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I Why do denser objects sink?

  1. Oct 12, 2016 #1
    Column A: Let's assume we have a column of water of height 2m. And also assume water density is 1kg/m^3. Then the pressure at the depth of 1m is pgh = 1*g*1 = g, which means the top 1m of water is pushing down with pressure g, and the water right past 1m mark is pushing up with pressure g. Also, at the end of the 2m, the pressure is pgh = 1*g*2 = 2g.

    Column B: Ok, and then say we remove the top 1m of water and replace it with oil of density 1.01 kg/m^3. Now, the oil is supposed to sink to the bottom of the whole column because it's denser, so it should eventually become 1m of oil at the bottom. But let's assume for the sake of argument that the oil doesn't sink, and so the pressure at 1m is pgh = 1.01*g*1 = 1.01g.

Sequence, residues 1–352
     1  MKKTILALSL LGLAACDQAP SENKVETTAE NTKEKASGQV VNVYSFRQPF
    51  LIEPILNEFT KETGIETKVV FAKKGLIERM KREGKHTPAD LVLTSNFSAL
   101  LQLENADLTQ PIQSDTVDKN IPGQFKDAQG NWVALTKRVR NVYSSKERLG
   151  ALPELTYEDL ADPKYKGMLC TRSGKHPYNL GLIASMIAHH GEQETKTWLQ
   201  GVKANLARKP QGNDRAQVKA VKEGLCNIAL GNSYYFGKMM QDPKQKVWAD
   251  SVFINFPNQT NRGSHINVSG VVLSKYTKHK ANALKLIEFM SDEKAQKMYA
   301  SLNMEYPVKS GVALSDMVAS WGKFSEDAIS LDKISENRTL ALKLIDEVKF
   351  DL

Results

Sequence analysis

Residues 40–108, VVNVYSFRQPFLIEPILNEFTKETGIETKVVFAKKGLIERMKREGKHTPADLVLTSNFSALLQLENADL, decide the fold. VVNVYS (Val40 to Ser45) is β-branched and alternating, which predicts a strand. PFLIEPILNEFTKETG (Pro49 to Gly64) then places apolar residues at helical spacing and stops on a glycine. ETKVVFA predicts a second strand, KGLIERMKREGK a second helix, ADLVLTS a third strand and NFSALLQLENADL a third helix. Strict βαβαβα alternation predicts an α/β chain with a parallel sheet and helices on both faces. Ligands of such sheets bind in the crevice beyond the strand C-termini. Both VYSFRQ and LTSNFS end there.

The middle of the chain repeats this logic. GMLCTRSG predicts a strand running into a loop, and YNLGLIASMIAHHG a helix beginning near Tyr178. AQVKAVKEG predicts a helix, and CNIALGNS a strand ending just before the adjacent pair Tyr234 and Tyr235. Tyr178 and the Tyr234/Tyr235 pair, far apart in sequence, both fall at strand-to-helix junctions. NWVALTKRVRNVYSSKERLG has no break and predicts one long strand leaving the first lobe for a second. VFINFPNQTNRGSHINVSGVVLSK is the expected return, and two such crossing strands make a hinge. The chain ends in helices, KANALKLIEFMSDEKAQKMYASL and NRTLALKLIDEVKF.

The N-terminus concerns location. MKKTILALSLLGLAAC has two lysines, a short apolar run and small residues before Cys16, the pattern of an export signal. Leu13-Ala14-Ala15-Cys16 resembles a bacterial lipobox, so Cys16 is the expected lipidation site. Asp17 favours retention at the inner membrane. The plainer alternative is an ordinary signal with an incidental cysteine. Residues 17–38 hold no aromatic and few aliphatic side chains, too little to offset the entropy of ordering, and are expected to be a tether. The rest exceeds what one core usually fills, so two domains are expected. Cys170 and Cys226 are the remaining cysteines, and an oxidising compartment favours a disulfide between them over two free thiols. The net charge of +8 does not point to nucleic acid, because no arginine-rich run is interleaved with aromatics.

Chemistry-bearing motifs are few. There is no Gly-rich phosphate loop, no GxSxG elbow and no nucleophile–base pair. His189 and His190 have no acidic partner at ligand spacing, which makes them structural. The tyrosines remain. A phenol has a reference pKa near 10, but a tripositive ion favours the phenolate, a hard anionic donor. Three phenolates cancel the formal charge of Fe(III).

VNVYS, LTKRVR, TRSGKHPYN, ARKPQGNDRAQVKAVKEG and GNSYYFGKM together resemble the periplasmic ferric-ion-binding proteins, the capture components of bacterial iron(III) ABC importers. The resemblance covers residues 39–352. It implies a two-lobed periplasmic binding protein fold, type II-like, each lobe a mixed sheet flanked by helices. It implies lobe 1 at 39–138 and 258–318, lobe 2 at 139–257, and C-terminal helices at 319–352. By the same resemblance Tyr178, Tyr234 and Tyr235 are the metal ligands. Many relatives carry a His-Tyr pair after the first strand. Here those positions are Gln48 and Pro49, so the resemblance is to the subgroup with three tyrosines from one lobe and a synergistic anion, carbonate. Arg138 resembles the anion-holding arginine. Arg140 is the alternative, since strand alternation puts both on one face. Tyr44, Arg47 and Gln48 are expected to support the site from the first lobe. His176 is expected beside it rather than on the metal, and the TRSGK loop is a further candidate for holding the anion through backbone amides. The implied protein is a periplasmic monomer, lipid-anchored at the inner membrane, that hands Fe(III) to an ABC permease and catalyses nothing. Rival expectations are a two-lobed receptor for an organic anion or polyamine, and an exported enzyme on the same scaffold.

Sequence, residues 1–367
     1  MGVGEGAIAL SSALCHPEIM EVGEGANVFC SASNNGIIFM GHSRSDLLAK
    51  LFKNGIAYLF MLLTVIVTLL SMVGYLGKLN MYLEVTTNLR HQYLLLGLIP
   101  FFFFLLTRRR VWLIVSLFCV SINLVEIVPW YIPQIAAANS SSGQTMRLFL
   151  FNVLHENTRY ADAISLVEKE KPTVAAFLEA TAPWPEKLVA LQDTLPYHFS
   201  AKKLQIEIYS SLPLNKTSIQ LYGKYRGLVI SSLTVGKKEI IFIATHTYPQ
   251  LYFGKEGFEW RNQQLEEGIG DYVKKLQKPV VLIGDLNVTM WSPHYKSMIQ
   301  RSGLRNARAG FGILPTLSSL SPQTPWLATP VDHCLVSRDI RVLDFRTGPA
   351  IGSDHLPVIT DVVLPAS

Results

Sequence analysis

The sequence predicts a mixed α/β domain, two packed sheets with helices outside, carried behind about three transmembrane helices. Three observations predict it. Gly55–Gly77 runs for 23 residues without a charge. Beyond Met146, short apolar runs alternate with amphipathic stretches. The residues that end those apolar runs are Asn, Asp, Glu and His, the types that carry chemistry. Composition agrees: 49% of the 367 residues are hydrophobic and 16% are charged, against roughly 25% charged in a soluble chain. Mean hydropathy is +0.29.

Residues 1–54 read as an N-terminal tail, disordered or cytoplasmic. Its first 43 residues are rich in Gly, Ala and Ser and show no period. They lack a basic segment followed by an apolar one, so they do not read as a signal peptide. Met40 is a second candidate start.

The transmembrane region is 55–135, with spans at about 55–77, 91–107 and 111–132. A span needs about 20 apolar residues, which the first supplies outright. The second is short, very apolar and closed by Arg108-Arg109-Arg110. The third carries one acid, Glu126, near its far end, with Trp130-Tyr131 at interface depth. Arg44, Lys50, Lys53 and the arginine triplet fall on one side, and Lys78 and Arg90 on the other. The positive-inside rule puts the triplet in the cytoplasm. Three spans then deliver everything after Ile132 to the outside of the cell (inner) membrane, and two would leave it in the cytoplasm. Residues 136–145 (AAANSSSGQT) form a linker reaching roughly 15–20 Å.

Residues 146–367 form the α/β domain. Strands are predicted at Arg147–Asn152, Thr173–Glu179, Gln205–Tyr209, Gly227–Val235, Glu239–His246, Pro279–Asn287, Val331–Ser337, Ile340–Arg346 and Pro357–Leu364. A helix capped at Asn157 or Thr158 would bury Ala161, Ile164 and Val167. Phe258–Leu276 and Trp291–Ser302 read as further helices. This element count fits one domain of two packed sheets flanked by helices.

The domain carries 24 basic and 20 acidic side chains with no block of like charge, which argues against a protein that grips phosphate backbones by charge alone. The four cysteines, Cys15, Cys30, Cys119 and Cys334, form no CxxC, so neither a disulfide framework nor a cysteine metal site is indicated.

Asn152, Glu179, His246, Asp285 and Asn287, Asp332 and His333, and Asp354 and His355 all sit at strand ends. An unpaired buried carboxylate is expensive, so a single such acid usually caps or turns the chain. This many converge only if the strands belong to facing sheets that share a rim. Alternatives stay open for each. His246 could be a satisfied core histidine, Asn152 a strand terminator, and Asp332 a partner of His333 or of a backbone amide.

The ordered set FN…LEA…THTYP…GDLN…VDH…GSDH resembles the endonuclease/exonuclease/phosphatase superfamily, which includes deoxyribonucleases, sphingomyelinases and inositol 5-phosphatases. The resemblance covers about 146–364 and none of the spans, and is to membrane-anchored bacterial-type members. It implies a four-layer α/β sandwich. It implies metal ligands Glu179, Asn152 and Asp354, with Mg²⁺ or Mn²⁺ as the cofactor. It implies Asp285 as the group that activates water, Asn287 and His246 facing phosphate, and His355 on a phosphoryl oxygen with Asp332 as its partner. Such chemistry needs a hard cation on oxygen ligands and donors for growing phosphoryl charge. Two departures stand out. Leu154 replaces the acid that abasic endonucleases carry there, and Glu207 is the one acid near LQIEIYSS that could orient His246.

At height 1m, the oil in Column B pushes down with pressure 1.01g. In real life, this wouldn't happen, but the question is why, in real life, doesn't the water right past the 1m mark also push up with pressure 1.01g? We've shown that water is capable of pushing up to 2g of pressure at least, so why doesn't the water right below the 1m mark just push up 1.01g? Why does water care about the density of whatever is on top of it?

    Or another way to ask is: The water at height 2m has pressure 2g. The pressure at 1m is 1g. But is the water at 2g physically any different than the water at 1g? If both waters are the same material, and if one water is capable of sustaining 2g pressure, then why would the other water not be able to also sustain 2g of pressure?